One last point on information reporting: A shadow over all this vast expansion of information reporting is the fact that this depends on people (many who will not be accountants) inputting all the information and data on the 1099 correctly. There is a small circle of hell at the IRS that is reserved for people who receive an incorrect 1099. I have been stunned to hear stories from accountants about individuals who receive an incorrect 1099–sometimes issued maliciously (say, by a former spouse or business partner) to get the taxpayer in trouble.
The IRS’ policy on this shows how incredibly far the agency still has to go to meet its goal of world-class service. The IRS states that it is the individual’s responsibility to get a corrected 1099–good luck accomplishing that from an ex-spouse, angry former partner, etc.–and even an ordinary snafu is extremely difficult to unwind. Congress should ask the IRS to show how it is going to handle these problems befitting a world-class services organization.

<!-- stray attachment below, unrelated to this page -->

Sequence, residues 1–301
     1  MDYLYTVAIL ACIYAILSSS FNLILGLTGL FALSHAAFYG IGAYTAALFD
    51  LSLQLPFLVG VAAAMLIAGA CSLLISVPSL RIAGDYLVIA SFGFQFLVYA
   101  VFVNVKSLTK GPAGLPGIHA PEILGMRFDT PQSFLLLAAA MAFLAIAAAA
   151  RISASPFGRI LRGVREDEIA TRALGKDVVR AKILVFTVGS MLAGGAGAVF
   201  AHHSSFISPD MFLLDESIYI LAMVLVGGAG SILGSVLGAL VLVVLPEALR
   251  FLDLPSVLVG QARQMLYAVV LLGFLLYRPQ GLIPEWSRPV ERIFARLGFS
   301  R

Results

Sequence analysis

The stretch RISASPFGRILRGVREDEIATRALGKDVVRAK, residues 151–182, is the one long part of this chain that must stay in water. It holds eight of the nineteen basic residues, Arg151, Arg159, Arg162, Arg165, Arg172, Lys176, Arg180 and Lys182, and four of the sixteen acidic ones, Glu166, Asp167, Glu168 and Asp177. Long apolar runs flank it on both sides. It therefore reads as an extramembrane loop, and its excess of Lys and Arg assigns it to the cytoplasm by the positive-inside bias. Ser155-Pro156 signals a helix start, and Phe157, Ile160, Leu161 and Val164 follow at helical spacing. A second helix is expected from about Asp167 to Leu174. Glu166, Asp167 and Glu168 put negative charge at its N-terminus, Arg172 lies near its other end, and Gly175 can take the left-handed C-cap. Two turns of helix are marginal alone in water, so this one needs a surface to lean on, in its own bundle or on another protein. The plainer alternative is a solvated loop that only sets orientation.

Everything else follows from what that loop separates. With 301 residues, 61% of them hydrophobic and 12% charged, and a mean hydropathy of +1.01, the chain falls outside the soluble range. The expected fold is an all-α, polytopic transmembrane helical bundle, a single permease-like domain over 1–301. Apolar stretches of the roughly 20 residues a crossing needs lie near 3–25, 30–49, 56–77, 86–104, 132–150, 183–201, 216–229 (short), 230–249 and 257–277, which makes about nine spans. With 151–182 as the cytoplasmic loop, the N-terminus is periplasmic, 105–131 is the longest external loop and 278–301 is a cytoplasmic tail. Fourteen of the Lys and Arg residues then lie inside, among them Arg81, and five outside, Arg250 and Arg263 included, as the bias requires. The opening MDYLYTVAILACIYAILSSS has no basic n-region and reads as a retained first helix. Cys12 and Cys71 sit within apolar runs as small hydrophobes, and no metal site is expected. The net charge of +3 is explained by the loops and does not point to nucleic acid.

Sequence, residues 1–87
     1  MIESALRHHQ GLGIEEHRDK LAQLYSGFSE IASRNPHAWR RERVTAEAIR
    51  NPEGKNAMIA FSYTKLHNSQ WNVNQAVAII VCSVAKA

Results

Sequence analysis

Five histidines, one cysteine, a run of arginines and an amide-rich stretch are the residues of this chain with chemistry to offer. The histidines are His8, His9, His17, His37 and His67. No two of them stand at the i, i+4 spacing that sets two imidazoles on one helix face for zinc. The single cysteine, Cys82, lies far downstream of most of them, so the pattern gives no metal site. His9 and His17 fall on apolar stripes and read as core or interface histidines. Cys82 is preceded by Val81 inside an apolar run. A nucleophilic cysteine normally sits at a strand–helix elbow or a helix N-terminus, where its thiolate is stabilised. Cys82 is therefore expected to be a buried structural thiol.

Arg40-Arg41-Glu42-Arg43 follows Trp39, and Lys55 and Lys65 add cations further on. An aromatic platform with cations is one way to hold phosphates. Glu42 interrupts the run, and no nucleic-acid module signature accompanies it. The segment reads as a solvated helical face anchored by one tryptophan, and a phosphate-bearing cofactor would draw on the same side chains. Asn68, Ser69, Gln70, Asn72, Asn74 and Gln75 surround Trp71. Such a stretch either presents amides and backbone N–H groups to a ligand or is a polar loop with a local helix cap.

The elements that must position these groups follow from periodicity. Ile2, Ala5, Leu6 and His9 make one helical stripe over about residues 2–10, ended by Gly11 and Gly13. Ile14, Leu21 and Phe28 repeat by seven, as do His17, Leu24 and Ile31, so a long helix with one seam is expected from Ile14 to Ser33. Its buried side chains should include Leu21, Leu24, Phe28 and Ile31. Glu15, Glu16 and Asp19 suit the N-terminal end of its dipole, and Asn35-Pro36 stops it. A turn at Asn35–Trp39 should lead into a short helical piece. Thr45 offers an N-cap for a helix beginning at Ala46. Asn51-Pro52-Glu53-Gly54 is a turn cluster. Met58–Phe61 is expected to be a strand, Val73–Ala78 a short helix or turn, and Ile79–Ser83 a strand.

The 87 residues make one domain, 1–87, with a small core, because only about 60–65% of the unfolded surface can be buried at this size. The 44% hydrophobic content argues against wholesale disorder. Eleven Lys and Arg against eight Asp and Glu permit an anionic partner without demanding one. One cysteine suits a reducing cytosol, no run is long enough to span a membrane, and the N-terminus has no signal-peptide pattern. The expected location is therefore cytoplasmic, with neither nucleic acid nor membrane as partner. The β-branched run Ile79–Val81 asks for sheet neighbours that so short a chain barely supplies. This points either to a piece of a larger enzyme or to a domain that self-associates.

The new administration’s proposals for information reporting add to an ever-increasing burden that is being placed on small business during this struggling economy. But if Congress does not hear from small business, it is certainly possible they will pass. It’s your choice: Write your representatives a letter today or pay your accountant to fill out scores of 1099s tomorrow.
Dean Zerbe, Forbes.com Dean Zerbe is national managing director of AlliantGroup and a former senior tax counsel to Sen. Charles Grassley, R-Iowa